It is a stark reality that nearly 60% of the world’s animals have disappeared within my lifetime. An average of 20,000 elephants are illegally killed through poaching each year, causing a devastating decline in their population numbers. This type of illegal wildlife trade (IWT) is worth up to £17bn every year; it is one of the most lucrative forms of organised crime, and it isn’t limited to species such as the elephant and rhinoceros.
Endangered species are also threatened by things such as rising human populations, climate change and changes of land-use. Together, these factors put 1,003 species of plants and animals under threat of extinction according to the Convention on International Trade in Endangered Species (CITES). Such devastation could have unimaginable effects on our planet’s fragile ecosystems.
This context demonstrates why it was such a vital time to hold a major international conference in London on IWT. Held on the 11 and 12 October, this was the fourth international IWT conference, building a 46-nation event in 2014, and smaller meetings in Kasane, Botswana and Hanoi, Vietnam. This conference was to be distinctively different, however. In addition to delegations from 73 countries, stakeholders, academics and the private sector were also invited.
I was appointed as conference director five months before the event and there were three significant challenges in my inbox: bringing together different units from three government departments; ensuring the views of stakeholders and other countries were taken into account; and balancing the policy and communications agendas to ensure maximum value.
Three become one
The Foreign Office (FCO), Department for the Environment, Food and Rural Affairs (Defra) and the Department for International Development (DfID) are culturally different organisations that have developed differently over time. On top of the policy units from these three departments with their supporting communications officials, I had to integrate a project delivery unit for the logistics of the conference.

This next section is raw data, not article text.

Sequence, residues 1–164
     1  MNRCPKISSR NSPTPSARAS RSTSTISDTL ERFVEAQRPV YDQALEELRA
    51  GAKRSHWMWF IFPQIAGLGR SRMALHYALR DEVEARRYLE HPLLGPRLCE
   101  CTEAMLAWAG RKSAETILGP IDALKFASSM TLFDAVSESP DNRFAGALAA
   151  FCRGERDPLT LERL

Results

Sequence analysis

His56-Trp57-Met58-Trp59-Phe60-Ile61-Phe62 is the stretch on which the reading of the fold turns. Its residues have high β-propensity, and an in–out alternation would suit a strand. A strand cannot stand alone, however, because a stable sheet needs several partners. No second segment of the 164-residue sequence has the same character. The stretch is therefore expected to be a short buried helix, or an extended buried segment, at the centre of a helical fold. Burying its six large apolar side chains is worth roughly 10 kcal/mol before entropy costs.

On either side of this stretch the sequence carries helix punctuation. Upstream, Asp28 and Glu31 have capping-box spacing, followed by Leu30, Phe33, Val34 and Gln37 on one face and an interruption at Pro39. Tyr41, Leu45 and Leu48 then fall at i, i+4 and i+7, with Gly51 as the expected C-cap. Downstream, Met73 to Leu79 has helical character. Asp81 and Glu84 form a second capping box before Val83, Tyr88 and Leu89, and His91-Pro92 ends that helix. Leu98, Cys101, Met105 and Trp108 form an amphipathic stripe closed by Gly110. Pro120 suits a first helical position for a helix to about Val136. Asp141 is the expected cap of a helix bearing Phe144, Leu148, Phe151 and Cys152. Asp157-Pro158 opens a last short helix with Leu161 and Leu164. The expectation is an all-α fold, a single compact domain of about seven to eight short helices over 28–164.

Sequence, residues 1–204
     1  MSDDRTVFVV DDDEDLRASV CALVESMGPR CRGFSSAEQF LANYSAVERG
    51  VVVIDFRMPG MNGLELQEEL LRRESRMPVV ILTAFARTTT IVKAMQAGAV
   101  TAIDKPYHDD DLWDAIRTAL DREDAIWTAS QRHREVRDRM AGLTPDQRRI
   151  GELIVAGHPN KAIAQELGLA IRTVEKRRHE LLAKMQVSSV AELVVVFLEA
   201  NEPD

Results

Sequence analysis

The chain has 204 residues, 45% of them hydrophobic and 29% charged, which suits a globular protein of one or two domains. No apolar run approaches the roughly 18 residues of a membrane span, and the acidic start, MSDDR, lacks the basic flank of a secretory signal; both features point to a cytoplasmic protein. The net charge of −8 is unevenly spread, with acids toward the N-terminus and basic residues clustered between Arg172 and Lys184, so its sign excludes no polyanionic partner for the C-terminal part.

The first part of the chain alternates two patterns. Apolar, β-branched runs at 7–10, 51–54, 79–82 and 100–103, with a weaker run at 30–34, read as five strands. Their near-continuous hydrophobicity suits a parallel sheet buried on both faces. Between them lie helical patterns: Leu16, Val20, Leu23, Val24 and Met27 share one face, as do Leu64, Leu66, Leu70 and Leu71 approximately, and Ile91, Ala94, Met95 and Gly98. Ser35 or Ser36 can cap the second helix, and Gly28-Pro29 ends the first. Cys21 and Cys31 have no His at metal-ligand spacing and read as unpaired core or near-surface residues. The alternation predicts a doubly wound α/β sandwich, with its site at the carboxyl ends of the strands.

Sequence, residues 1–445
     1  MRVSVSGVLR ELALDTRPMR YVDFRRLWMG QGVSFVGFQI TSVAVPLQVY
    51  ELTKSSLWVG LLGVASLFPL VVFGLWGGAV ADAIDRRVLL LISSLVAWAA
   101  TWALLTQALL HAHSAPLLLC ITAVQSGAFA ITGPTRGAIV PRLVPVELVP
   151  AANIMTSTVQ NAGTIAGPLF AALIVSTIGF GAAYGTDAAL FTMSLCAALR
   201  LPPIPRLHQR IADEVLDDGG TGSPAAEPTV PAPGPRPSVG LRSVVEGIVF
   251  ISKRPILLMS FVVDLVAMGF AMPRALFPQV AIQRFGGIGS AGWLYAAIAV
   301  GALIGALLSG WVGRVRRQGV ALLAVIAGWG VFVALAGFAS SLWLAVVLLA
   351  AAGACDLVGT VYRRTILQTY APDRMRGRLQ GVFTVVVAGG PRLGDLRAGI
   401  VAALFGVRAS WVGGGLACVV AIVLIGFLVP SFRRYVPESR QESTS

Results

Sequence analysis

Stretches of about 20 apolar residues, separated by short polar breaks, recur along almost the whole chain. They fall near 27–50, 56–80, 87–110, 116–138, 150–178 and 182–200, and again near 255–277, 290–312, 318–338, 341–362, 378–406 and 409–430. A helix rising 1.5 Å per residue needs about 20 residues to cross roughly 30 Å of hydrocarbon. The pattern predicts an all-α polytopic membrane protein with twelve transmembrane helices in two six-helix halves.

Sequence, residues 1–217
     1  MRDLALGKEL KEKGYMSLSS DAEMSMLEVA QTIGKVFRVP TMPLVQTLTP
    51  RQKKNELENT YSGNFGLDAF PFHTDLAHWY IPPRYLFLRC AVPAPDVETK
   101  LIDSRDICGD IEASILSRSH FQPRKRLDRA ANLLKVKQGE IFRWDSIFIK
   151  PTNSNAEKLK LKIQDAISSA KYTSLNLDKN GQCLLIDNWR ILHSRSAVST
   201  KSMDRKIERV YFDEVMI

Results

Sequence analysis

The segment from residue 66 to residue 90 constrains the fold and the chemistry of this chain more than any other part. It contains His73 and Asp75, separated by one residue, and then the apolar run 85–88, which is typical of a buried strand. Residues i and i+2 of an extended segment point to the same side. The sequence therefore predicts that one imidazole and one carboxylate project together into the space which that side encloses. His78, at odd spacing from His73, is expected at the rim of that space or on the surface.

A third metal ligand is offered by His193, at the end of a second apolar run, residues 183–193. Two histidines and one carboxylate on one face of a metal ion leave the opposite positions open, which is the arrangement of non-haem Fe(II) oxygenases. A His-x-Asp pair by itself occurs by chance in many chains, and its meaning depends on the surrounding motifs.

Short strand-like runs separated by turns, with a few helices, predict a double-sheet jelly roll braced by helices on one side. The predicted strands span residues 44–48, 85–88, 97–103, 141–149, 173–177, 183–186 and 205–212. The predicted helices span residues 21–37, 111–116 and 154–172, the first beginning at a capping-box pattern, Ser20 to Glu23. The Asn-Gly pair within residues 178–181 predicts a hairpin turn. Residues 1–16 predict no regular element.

We wanted actively to encourage many of the differences in working practice between teams to allow for a wide range of views and perspectives to be drawn together in making this conference happen. To help facilitate this I created a set of team values, such as empowerment, wellbeing and positive morale. Others on the team facilitated a social agenda developing sessions on getting to know individuals within the joint unit to share as much as possible and to build a collaborative working ethic. We did what we could within the constraints placed upon us successfully to build team morale and generate a positive working environment. A major development in this approach was around four months before the conference when policy and delivery officials were brought together within one building at Nobel House in a joint IWT unit.
We had two clear goals to achieve: the overarching mission was to tackle and prevent IWT around the world and show UK global leadership on this issue; the second goal was to deliver, on a logistical and global communication level, a great conference. It was important to remember these when dealing with stakeholders and working with delegations from other nations. We met regularly, either physically or virtually, with a wide range of non-governmental organisations and countries that would be taking part in the conference. We had a big venue in Battersea Park, which allowed us to create a range of public and private sessions. This facilitated the international diplomacy needed to secure commitments on tackling IWT, as well as giving opportunities for NGOs and delegations to showcase their work and to build upon the many successes in international conservation.